#20 Post by kobalt » Mon Jun 06, 2016 1:25 pm

hi dr_st

Sound is properly working, but there are a couple of unknown devices.

Image

Can't find how to display pci/vendor infos in win98...I don't remember if it was even possible.

Anyway, this Ultrabase may be faulty :
- Floopy drive isn't working.
- No sound form its speakers when docked, though I can use microjack output.

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Re: Legacy Thinkpads and DOS retrogaming

#21 Post by Kasm279 » Wed Jun 08, 2016 4:22 am

kobalt wrote:Can't find how to display pci/vendor infos in win98...I don't remember if it was even possible.
http://rh-software.com/ is my favorite.
Main: Latitude E6430
Working ThinkPads: IBM 5155, 755C, 755CX, 760ED, 380Z, 600E (x3), i1420, 570E, X20, T23, T30 x3, T43, Z61t, T60p
WIP: 701c (Broken OS), 600 (LCD), PS/2 L40SX (HDD), 570 (No lid), X31 (HDD, LCD), R51 (HDD), Z60t (HDD), X60 (HDD), T400 (LCD), T43p (?)
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Re: Legacy Thinkpads and DOS retrogaming

#22 Post by kobalt » Thu Jun 09, 2016 11:55 am

kobalt wrote:hi dr_st

Sound is properly working, but there are a couple of unknown devices.

Image

Can't find how to display pci/vendor infos in win98...I don't remember if it was even possible.

Anyway, this Ultrabase may be faulty :
- Floopy drive isn't working.
- No sound form its speakers when docked, though I can use microjack output.
Using msinfo32, I found that the unknown devices were ACPI related, more specifically :
- ACPI/ibm0068
- ACPI/ibm0069

Still, I suspect the Ultrabase to be badly working, but I don't own another one to perform comparative tests...

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Re: Legacy Thinkpads and DOS retrogaming

#23 Post by kobalt » Thu Jun 09, 2016 12:30 pm

Now about my Thinkpad T21 and retrogaming.
Basically I'm very happy with her, she runs Windows 98 and XP pretty well. Conf : PIII 750, 512Mb RAM, 80Gb HDD, 1024x768 disp.

Regarding my 1st post on this topic, here is what I can say :

Pros
+ Win98 perfectly supported
+ 3D / DirectX support
+ Sound working well in pure DOS mode (CS4624 chip has a dos driver)
+ Embedded optical drive to play games that requires CD
+ Quite silent, even with fan running @ max RPM in DOS
+ Able to run most games from DOS era to late 90's era, even though the S3 Savage GPU might be weak for some games.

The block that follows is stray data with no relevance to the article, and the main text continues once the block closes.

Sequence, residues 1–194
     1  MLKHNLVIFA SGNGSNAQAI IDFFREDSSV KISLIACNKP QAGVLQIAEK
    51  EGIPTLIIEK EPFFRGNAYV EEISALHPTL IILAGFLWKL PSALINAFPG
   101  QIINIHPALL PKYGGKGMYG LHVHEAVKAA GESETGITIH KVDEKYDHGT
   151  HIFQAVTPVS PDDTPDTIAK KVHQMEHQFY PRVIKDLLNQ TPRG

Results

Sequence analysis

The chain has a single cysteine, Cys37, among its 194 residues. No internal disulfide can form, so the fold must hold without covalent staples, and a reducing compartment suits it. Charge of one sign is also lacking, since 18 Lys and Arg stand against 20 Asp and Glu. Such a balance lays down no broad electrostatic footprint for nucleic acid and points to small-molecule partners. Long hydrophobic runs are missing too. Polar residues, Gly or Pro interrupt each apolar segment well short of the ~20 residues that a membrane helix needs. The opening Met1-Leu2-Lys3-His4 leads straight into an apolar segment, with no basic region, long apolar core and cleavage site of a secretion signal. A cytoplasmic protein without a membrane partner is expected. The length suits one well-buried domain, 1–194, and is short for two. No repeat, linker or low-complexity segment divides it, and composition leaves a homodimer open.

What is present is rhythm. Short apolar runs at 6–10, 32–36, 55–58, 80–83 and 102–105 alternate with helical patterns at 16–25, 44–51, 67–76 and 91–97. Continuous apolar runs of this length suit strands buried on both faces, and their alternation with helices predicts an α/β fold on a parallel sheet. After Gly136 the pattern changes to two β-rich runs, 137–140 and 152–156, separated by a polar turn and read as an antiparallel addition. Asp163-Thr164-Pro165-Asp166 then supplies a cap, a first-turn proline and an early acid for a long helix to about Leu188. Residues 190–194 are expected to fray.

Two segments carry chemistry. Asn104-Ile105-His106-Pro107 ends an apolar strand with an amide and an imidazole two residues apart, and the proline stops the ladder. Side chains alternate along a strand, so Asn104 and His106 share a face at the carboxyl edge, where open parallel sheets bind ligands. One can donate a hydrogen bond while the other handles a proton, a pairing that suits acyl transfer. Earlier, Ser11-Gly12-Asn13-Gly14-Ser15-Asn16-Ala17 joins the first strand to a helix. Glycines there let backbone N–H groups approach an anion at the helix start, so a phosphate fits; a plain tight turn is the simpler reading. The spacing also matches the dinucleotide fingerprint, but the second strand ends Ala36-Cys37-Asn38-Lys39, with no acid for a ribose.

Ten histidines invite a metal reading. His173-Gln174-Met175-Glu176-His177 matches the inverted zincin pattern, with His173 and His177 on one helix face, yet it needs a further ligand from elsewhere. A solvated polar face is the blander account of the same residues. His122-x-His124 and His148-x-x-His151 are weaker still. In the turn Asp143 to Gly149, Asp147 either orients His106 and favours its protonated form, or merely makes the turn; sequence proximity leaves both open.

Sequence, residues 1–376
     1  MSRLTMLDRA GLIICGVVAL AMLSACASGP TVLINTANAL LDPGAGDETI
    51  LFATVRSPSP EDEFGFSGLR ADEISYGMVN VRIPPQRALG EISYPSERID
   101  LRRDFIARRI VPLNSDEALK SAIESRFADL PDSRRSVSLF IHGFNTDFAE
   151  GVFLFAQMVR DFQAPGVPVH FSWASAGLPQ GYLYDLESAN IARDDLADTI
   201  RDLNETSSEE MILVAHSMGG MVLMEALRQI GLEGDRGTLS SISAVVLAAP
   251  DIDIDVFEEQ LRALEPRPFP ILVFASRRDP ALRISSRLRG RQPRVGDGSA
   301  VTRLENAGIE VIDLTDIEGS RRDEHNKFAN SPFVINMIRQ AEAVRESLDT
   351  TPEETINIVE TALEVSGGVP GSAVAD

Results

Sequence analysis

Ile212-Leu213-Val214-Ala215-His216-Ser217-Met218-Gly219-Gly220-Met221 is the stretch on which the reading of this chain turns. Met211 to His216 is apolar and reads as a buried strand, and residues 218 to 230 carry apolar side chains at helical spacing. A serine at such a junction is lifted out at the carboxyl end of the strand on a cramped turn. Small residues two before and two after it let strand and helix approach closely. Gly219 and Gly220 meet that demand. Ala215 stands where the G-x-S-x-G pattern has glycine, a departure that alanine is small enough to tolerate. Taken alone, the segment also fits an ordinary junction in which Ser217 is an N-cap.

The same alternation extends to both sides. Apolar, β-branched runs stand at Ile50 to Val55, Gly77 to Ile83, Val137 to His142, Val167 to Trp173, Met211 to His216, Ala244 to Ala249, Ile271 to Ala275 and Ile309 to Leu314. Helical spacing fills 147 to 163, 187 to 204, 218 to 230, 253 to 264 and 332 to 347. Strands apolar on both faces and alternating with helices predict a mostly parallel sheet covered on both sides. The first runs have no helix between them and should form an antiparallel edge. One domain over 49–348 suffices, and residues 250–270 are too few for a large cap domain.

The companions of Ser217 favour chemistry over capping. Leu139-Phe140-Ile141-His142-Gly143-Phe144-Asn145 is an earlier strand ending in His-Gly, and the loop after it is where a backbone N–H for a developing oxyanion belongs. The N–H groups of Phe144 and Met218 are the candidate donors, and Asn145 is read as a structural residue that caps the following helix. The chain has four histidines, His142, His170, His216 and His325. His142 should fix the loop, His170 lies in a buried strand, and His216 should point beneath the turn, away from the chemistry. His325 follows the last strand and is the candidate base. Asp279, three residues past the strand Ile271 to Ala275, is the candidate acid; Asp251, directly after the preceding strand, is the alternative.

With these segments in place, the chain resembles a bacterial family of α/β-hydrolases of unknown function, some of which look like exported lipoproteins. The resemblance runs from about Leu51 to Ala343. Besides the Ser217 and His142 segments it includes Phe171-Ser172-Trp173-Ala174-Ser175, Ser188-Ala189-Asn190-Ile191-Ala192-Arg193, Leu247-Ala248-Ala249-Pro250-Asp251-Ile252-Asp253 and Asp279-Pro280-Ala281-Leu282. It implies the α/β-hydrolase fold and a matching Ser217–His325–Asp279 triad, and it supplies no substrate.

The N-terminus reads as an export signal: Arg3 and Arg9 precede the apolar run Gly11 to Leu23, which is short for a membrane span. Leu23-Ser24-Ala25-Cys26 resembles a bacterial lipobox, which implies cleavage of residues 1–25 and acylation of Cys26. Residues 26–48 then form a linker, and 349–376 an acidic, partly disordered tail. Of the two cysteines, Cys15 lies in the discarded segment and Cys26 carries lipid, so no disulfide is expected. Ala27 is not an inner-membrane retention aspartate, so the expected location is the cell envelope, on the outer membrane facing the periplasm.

+ USB port to plug a mouse or pad
+ WinXP runs smoothly for more modern apps.
+ VGA out supports 1280x1024@16bits
+ Headphones out is ok and almost no parasite sound is earable.
+ 14,1" display is bright and large.
+ As many IBM Thinkpads, building quality is great, machine is sturdy and very pleaseant to handle and use.

Cons
- No gameport for old pads and joysticks, PCMCIA Sound/Gameport card required (extremely hard to find nowadays). Or run the game with windows 98 and use a USB pad/stick.
- Poor screen expansion support, old games in 320x200 may look a bit sloppy. No problem for 640x480 and upper 4:3 resolutions. Note that when using external display, screen expansion is perfectly handled at 320x200 (Doom series is a good exemple)


So I think this T21 is sort of a sweet spot for retrogaming usage, very balanced, once again, regarding the criterias in my 1st post.
I got it for 20 euros, it is definitely a great buy. The machine is moderately easy to find here in France/Europe, but many are available on ebay and other websites.

Even though it won't replace a desktop machine from the same era for retrogaming purposes, it's a very nice compromise in my opinion if you can leave without a true dedicated sound card with a gameport.

Now I'm back to Fallout 2 and Descent... 8)

dr_st
Senior ThinkPadder
Senior ThinkPadder
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Joined: Sat Oct 29, 2005 6:20 am

Re: Legacy Thinkpads and DOS retrogaming

#24 Post by dr_st » Thu Jun 09, 2016 3:32 pm

kobalt wrote:Using msinfo32, I found that the unknown devices were ACPI related, more specifically :
- ACPI/ibm0068
- ACPI/ibm0069
Power Management Driver for Windows 98 SE/Me/2000/XP (ACPI) may help you here. Dunno about the other problems with the base, though.
Current: Thinkpad 25 (20K7), Yoga 14 (20FY), X220 4291-4BG, T410 2537-R46, T60 2007-QPG, T42 2373-F7G
Collectibles: T430s (IPS FHD + Classic Keyboard), X32 (IPS Screen)
Retired: X61 7673-V2V, T60 1952-F76, A31p w/ Ultrabay Numpad

kobalt
Posts: 36
Joined: Tue Aug 11, 2015 8:22 am
Location: Lorient, France

Re: Legacy Thinkpads and DOS retrogaming

#25 Post by kobalt » Thu Jun 09, 2016 11:25 pm

dr_st wrote:
kobalt wrote:Using msinfo32, I found that the unknown devices were ACPI related, more specifically :
- ACPI/ibm0068
- ACPI/ibm0069
Power Management Driver for Windows 98 SE/Me/2000/XP (ACPI) may help you here. Dunno about the other problems with the base, though.
Thx dr_st, it was indeed the suitable driver needed here.

After installing it, a new unknown device appeared though. Msinfo32 says "ACPI\pnp0C15"
It seems to be related to docking....